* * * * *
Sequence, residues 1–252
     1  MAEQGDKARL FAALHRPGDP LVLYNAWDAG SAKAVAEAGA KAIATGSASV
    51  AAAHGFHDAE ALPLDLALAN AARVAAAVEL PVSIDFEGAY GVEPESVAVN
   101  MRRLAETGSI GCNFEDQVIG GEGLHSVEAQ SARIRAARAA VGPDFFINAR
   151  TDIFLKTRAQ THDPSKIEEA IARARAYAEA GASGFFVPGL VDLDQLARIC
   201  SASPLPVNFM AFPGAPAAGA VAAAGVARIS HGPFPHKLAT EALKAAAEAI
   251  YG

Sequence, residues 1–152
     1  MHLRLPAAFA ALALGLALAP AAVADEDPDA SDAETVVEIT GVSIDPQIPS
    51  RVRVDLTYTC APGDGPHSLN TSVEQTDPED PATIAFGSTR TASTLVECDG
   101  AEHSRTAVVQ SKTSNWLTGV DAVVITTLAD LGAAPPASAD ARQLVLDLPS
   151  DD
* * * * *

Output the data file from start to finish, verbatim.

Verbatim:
Sequence, residues 1–252
     1  MAEQGDKARL FAALHRPGDP LVLYNAWDAG SAKAVAEAGA KAIATGSASV
    51  AAAHGFHDAE ALPLDLALAN AARVAAAVEL PVSIDFEGAY GVEPESVAVN
   101  MRRLAETGSI GCNFEDQVIG GEGLHSVEAQ SARIRAARAA VGPDFFINAR
   151  TDIFLKTRAQ THDPSKIEEA IARARAYAEA GASGFFVPGL VDLDQLARIC
   201  SASPLPVNFM AFPGAPAAGA VAAAGVARIS HGPFPHKLAT EALKAAAEAI
   251  YG

Sequence, residues 1–152
     1  MHLRLPAAFA ALALGLALAP AAVADEDPDA SDAETVVEIT GVSIDPQIPS
    51  RVRVDLTYTC APGDGPHSLN TSVEQTDPED PATIAFGSTR TASTLVECDG
   101  AEHSRTAVVQ SKTSNWLTGV DAVVITTLAD LGAAPPASAD ARQLVLDLPS
   151  DD